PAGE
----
The tax filings come as the NRA faces investigations in New York and Washington, D.C., that threaten its nonprofit status. Nonprofits file tax documents every year, and they are a year behind, capturing the NRA’s finances for 2018 — the year before internal strife spilled into public view.
The tax filings were not yet publicly available, but news reports in The Wall Street Journal and The Washington Post cited the documents. The NRA refused to make them available to The Associated Press, saying its longtime policy is only to provide paper copies by mail.
According to the filings, known as 990s, longtime NRA CEO Wayne LaPierre’s total compensation rose to more than $2 million. His base salary went from $1.17 million to $1.27 million, he received a bonus of about $455,000, and he got about $366,000 from a deferred compensation plan, according to the documents cited in media reports.
NRA spokesman Andrew Arulanandam said in a statement that compensation for LaPierre and other senior officials followed a “detailed analysis conducted by an independent compensation committee. Mr. LaPierre’s compensation includes benefits made payable under his retirement plan.”
The news reports drew immediate rebukes from critics. “This is further evidence that, at this point, LaPierre is more of a burden than an asset to American gun owners,” said Rob Pincus, a longtime NRA member and firearms instructor who is a member of Save the Second, a group calling for LaPierre's resignation and seeking changes to the NRA.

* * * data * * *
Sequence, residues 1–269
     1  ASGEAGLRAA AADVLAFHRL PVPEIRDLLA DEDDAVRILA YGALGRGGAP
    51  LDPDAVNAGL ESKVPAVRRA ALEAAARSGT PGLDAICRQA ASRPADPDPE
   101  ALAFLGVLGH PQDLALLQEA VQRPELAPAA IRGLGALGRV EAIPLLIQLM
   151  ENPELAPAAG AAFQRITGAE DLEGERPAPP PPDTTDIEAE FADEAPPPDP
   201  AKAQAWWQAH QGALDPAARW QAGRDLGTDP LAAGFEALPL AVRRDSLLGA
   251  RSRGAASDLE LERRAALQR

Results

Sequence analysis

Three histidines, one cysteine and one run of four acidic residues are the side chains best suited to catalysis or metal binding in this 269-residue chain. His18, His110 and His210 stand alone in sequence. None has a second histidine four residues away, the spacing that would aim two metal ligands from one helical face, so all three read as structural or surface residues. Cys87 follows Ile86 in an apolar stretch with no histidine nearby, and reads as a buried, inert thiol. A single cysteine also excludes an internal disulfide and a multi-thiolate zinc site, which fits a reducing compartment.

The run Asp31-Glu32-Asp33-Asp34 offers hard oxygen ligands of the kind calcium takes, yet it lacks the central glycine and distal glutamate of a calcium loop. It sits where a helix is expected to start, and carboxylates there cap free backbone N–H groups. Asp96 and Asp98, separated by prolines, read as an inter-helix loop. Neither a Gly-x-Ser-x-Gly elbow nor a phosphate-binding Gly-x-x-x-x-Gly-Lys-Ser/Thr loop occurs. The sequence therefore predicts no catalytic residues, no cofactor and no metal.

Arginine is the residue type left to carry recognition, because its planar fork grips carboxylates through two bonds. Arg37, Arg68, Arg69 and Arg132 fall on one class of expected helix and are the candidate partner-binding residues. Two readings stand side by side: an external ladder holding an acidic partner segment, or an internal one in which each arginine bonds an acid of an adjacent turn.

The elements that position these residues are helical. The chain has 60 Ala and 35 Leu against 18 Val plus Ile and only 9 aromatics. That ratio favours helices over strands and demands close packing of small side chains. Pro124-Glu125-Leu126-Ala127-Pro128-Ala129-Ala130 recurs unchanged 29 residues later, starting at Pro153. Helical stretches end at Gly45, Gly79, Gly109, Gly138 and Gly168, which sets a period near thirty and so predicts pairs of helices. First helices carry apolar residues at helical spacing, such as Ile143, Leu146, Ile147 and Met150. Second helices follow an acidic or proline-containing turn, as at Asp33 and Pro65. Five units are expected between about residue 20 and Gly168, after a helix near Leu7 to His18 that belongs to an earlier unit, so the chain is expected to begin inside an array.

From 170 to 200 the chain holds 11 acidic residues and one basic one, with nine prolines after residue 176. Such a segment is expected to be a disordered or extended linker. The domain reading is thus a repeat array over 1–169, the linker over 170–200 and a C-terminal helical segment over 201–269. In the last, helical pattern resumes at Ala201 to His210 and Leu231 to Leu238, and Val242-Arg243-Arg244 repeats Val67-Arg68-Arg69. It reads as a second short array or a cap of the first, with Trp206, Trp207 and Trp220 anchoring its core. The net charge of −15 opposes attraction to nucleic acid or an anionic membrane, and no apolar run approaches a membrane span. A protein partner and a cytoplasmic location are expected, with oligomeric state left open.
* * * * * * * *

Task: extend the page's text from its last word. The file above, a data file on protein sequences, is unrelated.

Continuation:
Long viewed as the most powerful gun lobby in the world, the NRA has been facing internal and external pressures over its operations and spending habits. Authorities have launched investigations, and there has been a revolt by members who are questioning the NRA's finances and leadership.
There are allegations that LaPierre expensed hundreds of thousands of dollars in luxury clothing he purchased in Beverly Hills and that the NRA has made tens of thousands of dollars in payments to a handful of influential board members.
The NRA's president, Oliver North, stepped down amid a rancorous annual meeting last spring. And Chris Cox, its top lobbyist who is widely viewed as a successor to LaPierre, resigned after being accused of being in cahoots with North in a failed attempt to oust LaPierre as CEO.
The disputes even led to a split between the NRA and its longtime marketing firm, Oklahoma-based Ackerman McQueen, and each sued the other. The upheaval has left some wondering what role the NRA can play in the 2020 presidential election, especially after it was a significant source of money and support for President Donald Trump.
The latest tax filing shows that the NRA ended 2018 with a $2.7 million shortfall. That’s still a vast improvement from what it reported in 2017, when it was $17.8 million in the red, or in 2016, when it posted a shortfall of $45.8 million.
“The spending of the NRA’s political arm fluctuates based on the needs of each political cycle,” Arulanandam said. “We remain a driving influence in key races where our Second Amendment freedoms are under attack, and we remain poised to further activate our funding and grassroots advocacy in support of the 2020 election.”
Shannon Watts, the founder of Moms Demand Action, a gun control advocacy group, said the tax filings show the NRA’s true motivations. “This eye-popping raise and other inside dealing is yet more evidence that the NRA is abandoning its members to focus on what is apparently its chief mission: enriching executives. Given the multiple ongoing investigations, I’d bet that come 2020, the NRA won’t be writing political checks — they’ll be answering subpoenas.”
However, NRA President Carolyn Meadows said LaPierre’s compensation is justified, reflecting “his enormous contributions to our members and the freedoms for which they fight. His contributions to the NRA have been transformative.”